The exports of Japan dropped for six consecutive months in May, particularly semiconductor shipments to China and car parts, which may mean a declining prospect for growth pressured on weakened external demand. At the same time, this worries Japanese policymakers given the price tension on US-China trade tariff that affected global growth, trade, and investment.
According to the senior economist of Mitsubishi UFJ Morgan Stanley Securities Hiroshi Miyazaki, the “falling” exports and business sentiment are relative to the US-China trade war that may limit the capital expenditures of exporters. In turn, this is not a desirable situation for Japan’s economy.
Reports from the Ministry of Finance (MOF) exhibited a drop in exports by 7.8% in May compared to a year ago as it has been declining for the past 6 months.
It has been known earlier this June that escalating political and trade tension instigated the G20 finance leaders of apprising risks to global growth but they have not established an action in facing this deepening trade conflict between the two big nations.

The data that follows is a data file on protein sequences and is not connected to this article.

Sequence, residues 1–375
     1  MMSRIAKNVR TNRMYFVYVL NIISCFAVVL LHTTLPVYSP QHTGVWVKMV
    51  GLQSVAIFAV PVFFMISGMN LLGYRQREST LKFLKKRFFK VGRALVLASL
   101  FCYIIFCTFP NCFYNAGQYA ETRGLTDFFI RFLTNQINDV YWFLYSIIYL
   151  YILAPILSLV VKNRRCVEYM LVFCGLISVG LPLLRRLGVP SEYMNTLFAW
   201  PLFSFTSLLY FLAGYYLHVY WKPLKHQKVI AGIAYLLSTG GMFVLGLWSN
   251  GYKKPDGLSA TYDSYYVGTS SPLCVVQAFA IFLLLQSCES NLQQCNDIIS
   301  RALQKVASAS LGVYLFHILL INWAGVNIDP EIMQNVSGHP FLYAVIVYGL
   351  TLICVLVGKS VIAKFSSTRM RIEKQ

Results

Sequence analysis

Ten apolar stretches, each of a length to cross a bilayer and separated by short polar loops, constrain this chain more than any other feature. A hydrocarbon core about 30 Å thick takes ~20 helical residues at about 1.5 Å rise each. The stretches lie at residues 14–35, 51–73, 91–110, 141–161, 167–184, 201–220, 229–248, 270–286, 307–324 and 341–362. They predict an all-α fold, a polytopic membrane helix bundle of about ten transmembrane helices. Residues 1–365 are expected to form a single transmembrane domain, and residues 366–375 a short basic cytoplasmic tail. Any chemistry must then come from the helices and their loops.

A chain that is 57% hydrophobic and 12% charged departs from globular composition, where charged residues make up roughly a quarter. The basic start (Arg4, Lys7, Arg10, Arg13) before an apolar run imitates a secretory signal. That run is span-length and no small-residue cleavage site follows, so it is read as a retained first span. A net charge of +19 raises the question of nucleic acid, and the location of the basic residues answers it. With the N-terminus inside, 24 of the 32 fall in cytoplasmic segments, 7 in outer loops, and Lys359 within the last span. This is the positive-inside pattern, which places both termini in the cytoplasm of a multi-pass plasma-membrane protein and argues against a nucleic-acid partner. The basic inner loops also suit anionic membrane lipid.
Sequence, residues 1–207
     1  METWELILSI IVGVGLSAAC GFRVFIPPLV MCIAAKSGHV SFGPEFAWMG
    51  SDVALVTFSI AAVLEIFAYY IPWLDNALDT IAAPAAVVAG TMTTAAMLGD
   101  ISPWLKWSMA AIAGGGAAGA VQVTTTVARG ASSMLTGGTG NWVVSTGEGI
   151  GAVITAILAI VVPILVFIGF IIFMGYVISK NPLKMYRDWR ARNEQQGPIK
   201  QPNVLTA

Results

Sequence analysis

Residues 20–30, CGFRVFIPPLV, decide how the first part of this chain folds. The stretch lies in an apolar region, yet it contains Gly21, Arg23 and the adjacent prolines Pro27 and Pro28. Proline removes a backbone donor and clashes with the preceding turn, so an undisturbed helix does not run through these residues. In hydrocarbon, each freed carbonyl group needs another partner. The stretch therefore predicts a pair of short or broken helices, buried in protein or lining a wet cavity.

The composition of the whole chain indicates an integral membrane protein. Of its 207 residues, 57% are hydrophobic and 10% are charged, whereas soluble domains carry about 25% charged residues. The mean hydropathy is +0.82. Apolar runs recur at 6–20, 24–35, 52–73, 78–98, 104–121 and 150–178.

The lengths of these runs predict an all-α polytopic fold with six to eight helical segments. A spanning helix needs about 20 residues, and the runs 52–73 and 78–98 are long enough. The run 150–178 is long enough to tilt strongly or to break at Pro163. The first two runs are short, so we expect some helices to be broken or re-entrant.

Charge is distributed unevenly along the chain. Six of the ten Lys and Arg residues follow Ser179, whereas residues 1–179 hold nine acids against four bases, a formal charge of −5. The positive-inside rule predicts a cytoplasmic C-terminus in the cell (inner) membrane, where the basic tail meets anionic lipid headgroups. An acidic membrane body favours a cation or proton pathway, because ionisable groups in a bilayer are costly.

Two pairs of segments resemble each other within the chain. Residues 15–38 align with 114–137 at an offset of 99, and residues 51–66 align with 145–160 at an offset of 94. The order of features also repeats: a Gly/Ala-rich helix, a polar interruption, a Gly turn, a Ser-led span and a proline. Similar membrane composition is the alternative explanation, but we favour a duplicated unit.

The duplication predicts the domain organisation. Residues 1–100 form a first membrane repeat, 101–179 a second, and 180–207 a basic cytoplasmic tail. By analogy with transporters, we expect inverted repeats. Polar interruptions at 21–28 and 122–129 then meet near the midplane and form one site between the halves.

At the same time, the golden week holiday for ten days in Japan may have also contributed to the sluggish growth in exports last month which was extended due to the enthronement of a new emperor.
As a whole, the economy of Japan may be at risk amid the weak global demand and a bit of a standstill if the domestic demand fails to balance out the weakened exports.
The central bank of Japan is presumed to maintain the monetary policy with the ongoing meeting until Thursday but they said that they are also ready to provide stimulus if the external risks jeopardize the moderate expansion of the country.
A frail economic growth may induce the PM Shino Abe to hold off the planned sales tax increase to 10% for the third time. Five years ago, the sales tax rose to 8% from 5% which affected consumption and suggested to have caused the collapse of the Japanese economy.